The ITV documentary in which Princes William and Harry talk about the death of their mother, Princess Diana, is the lead for several of the Sunday papers.
They focus on the Princes' recollections of their final phone call with her, hours before she died in the Paris car crash - and their regret that they didn't speak for longer.
The Mail on Sunday's coverage extends to 10 inside pages and includes a number of newly-released pictures.
The open letter by more than 40 of the BBC's top female presenters to the corporation's director-general, Lord Hall, calling on him to act now to close the gender pay gap, is widely covered - and makes the lead for the Telegraph.
The paper has the headline: "Revolt of the BBC women". It describes the letter as an unprecedented show of anger.
Writing in the Mirror, Saira Khan says what really upset her was seeing definitive proof that the BBC - the organisation we trust to be the voice of British values around the world - is "sexist to its core".
Remarks by the Environment Secretary, Michael Gove, that the cabinet is united in wanting a transitional Brexit deal on migrant labour that meets the needs of British business, is welcomed by a number of papers.
The Mail says a wise and typically British compromise - in which the desires of all are considered, but neither side gets everything it wants - may now be taking shape.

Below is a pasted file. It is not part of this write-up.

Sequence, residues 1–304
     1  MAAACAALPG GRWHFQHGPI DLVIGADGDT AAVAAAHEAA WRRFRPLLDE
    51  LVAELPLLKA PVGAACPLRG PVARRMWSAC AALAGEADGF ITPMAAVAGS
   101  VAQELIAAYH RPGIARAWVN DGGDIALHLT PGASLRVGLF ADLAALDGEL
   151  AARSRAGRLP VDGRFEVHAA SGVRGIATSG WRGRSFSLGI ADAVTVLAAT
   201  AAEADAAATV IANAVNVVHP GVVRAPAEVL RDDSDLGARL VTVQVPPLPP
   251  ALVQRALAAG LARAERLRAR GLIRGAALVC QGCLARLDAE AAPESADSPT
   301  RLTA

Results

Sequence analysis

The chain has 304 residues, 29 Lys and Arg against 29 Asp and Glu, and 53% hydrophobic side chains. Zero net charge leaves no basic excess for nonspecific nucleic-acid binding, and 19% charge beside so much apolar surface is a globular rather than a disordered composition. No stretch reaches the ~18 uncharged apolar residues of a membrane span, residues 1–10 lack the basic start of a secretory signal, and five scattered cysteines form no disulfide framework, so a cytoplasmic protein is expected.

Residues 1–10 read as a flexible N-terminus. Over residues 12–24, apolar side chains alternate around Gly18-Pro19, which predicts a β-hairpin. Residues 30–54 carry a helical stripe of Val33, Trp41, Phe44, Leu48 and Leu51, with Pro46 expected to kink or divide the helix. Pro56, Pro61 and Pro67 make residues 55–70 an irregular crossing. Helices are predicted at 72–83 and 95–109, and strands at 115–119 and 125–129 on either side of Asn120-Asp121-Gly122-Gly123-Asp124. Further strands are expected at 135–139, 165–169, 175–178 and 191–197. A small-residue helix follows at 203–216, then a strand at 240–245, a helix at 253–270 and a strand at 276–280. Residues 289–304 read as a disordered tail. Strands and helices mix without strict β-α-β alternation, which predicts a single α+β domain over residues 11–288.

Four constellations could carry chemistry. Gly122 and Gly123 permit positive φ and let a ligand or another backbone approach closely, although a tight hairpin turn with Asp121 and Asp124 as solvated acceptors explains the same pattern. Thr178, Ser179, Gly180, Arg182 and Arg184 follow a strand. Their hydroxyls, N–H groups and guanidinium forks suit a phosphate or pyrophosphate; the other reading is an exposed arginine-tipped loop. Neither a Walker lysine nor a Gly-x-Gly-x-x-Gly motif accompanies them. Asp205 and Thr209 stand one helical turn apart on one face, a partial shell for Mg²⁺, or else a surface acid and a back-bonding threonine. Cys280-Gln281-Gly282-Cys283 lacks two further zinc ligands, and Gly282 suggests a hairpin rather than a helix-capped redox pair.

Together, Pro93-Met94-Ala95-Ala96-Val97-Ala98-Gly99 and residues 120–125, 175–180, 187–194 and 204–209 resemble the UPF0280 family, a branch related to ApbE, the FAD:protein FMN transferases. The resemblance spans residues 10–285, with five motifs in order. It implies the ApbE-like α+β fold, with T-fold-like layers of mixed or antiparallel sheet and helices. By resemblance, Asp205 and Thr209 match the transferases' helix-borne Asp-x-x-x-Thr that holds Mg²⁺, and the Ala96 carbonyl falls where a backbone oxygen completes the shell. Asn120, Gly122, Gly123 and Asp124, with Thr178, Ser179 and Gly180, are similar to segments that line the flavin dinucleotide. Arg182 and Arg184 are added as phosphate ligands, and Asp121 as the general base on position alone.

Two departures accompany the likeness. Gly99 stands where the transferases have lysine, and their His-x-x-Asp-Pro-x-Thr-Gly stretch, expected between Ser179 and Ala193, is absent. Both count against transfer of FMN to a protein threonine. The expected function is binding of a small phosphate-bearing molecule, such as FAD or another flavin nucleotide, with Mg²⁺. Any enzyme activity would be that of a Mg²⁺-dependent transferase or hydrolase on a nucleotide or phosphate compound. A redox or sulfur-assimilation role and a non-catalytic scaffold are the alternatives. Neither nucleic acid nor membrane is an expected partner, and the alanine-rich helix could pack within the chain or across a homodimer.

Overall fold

For the Sunday Times, the cabinet is moving in the direction of an open and entrepreneurial Brexit - the only basis for Britain's future success.
In the words of Andrew Rawnsley in the Observer, the slow learners in the cabinet have finally grasped that Britain will require a smoothed departure if there is to be any hope of avoiding a shock Brexit.
According to the Mail, President Trump has been asked to make a "dummy" State visit to Britain this year to show that he can avoid embarrassing the Queen.
The paper says he's been invited to come for brief talks with Theresa May - but with none of the Royal pomp and circumstance he wanted.
As a face-saving measure - the paper goes on - Mr Trump will be offered a State visit next year - but it won't take place unless the low-profile trip is a success.
Finally, as the ITV 2 reality show, Love Island, reaches its climax tomorrow, a number of commentators explore what has made it such a rating success.
For Zoe Strimpel in the Telegraph, it has become the guilty pleasure of our time. The opportunity to watch other people - with perfect bodies and zero wrinkles - trying to solve the modern riddle of love is just too cathartic to miss.
Writing in the Observer, Emine Saner says the show has been carefully seducing us - or to put it in Love Island speak, "proper grafting". Many of us will be heartbroken when it leaves us, she says.